I am haunted by long sermons.
Not really, but I needed a dramatic opening sentence.
I have written before about the length of an ideal sermon. A sermon should be only as long as is necessary for you to make your point in a memorable way. This means, in most cases, a sermon should rarely be longer than 25 minutes. I think I probably believe a sermon needn’t be longer than 22 minutes, but 25 is a nice round number so let’s stick with it.
I believe the 25 minute rule should be followed religiously. Here are the times of my last twelve sermons.
Egad! Eight of them have been over 30 minutes long. No one has complained about it. I’m sure I’m the only one at my church who pays attention to how long my sermons are (wink). The last three are under 30 because I intentionally made them so, after I noticed my sermons were getting longer.
As I have watched my sermons get longer—like I’m somehow a spectator to the sermon writing process-I sense that their growth was unnecessary, maybe even indulgent, like a singer who can’t finish a phrase without adding a vocal run to fill in the white space (aaaaaeeeeiiiiiiooohhh). Just because you can doesn’t mean you should.
So I have been thinking about ways we preachers can shave 5 to 7 minutes from our typical over-long sermons.
1. Speak from only one text. Almost all of the messages listed above have been topical studies of a theological concept. I’ve had my church flipping to passages all over the Bible and tracing threads related to themes such as salvation, justice and love. It has be been a good study, but some of the messages have felt scattered to me. Every time we flip to a different passage, it takes a few extra minutes to set the context, explain the passage and make the connection. The only message in which I have stuck to one text was the shortest one, which clocked in at a brisk 22:54. And no one complained about it being shorter than the rest.
2. Most preachers I listen to on podcasts can shorten their sermons by 2 to 3 minutes by eliminating the opening comments in which they review the main idea of each message they’ve preached in the series so far. This wastes the best opportunity you have to grab your audiences attention and it doesn’t help those who missed a previous week catch up as much as we think it does. Instead, try summarizing the series in one sentence and remind your listeners of your podcast where they can find previous messages.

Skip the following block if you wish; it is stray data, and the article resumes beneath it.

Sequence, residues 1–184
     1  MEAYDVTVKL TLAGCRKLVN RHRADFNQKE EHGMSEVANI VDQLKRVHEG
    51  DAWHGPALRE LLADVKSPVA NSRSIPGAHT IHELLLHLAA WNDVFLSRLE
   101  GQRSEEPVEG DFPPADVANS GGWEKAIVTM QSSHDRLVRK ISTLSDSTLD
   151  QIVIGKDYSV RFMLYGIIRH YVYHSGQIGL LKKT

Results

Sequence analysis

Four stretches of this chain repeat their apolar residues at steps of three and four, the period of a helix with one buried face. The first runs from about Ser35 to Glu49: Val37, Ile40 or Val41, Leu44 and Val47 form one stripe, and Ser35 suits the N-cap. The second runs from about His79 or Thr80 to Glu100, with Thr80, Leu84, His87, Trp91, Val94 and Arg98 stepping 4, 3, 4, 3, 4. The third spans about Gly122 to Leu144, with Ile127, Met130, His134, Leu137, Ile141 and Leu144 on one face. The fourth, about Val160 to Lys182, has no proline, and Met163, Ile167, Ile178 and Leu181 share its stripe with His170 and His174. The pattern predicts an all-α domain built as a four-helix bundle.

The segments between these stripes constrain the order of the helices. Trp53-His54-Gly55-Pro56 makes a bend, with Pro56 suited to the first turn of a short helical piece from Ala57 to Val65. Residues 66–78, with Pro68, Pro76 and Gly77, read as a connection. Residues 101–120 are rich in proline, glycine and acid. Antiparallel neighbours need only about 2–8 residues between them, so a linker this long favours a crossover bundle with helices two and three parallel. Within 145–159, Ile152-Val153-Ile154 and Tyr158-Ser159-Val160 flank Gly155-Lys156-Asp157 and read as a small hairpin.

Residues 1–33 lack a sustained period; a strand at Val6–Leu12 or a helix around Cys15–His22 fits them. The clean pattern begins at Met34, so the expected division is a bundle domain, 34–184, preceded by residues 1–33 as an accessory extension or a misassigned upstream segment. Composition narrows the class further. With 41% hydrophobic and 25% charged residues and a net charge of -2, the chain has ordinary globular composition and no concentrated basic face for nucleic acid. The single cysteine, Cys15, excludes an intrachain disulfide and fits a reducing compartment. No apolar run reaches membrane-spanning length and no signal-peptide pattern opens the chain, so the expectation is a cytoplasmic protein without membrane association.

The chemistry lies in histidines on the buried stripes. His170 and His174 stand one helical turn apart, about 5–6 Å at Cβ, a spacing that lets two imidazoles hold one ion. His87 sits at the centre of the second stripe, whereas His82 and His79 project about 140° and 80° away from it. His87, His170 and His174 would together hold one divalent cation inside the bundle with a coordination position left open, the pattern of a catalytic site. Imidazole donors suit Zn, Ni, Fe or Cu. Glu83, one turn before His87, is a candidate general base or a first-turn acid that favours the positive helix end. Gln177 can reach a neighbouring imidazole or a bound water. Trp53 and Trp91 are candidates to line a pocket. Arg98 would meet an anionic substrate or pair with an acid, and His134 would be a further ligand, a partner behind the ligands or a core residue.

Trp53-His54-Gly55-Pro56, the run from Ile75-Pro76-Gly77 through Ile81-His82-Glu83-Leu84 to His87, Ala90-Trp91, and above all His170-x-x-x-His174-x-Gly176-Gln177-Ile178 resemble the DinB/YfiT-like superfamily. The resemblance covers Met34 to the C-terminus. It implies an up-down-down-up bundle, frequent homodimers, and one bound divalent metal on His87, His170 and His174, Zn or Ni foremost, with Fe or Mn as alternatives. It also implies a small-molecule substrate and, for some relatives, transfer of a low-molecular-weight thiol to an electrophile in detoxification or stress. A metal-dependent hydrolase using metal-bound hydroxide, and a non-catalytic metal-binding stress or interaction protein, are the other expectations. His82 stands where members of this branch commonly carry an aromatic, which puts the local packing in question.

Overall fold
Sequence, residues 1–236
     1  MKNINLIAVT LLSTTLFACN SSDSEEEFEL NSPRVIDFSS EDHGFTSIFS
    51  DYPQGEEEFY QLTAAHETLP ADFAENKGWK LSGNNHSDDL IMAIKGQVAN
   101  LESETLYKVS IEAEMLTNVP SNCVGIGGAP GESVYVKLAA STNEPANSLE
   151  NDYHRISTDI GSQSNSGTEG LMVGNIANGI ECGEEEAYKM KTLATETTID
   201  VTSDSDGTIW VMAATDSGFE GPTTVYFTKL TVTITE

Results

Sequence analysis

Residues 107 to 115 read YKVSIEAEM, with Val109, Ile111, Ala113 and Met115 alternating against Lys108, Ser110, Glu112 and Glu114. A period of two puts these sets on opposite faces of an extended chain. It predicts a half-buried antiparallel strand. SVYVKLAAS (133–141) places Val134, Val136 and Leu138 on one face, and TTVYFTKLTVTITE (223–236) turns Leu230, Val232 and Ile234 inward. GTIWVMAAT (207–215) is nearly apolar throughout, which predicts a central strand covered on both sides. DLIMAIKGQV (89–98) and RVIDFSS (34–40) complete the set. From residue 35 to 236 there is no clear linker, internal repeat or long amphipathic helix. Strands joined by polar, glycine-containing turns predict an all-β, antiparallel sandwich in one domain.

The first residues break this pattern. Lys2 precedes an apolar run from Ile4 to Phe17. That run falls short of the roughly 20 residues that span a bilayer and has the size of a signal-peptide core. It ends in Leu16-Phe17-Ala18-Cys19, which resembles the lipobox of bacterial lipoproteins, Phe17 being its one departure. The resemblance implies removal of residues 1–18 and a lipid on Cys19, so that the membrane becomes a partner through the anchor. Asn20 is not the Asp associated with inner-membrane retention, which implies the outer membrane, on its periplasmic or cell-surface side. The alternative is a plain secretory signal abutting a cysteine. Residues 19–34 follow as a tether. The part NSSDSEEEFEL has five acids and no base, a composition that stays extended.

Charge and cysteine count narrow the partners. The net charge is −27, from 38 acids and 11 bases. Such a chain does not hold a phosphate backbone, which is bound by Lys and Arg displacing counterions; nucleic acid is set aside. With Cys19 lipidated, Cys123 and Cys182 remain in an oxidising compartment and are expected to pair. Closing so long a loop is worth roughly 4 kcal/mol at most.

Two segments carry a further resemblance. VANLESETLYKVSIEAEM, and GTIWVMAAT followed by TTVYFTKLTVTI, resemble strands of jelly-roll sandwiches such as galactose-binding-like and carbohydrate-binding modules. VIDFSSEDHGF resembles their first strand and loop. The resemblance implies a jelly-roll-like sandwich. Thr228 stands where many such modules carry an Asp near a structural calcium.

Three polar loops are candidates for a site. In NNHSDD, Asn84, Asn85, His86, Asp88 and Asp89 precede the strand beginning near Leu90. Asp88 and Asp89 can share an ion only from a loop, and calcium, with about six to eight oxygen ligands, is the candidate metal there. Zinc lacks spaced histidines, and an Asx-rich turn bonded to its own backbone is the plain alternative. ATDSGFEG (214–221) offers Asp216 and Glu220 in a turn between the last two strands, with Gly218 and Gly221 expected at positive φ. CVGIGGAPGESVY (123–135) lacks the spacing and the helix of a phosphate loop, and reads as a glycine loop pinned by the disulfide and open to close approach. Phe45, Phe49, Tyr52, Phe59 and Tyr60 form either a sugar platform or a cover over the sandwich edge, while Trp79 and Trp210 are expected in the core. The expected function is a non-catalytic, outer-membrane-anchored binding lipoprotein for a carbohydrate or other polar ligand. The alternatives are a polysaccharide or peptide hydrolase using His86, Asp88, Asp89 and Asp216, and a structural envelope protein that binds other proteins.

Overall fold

3. Take out all the bits where you’re trying to impress your listeners with what you know or how much study. I love to throw in historical details, but many of these asides don’t move the message forward. They can end up becoming distractions for skeptics who abandon the sermon for Google to see if what I said was true. I can eliminate many of these details from the message and no one will notice.
4. Keep your prayer at the end of the message short. Tacking a three minute prayer onto a 30 minute sermon is not a sign of spirituality. It’s usually a sneaky way of reviewing the main points of your sermon. Your listeners know what you’re doing.
5. Don’t use three examples to make your point when one will do. It is tricky to know when one is enough and when you need to push harder to make your case. In a recent sermon during our first service, I realized as I was preaching that a couple of the scriptures I read were redundant. When I was writing the message, I really thought I would need multiple passages to solidify the point, but I could see my listeners losing focus as I read them. During second service, I eliminated the redundant passages and the message was tighter and more focused.
What would you add to this list?
I alway get pushback when I write something about preaching shorter sermons. This pushback almost always comes from preachers who can’t imagine saying everything they need to say each Sunday in less than 35 minutes. (It rarely comes from those who listen to these preachers.)
Someone also always says that gifted communicators can get away with preaching longer sermons. That may be true. But there is also something to be said for always leaving your listeners wishing you had spoken a little longer, rather than wondering why you didn’t shut up five minutes sooner.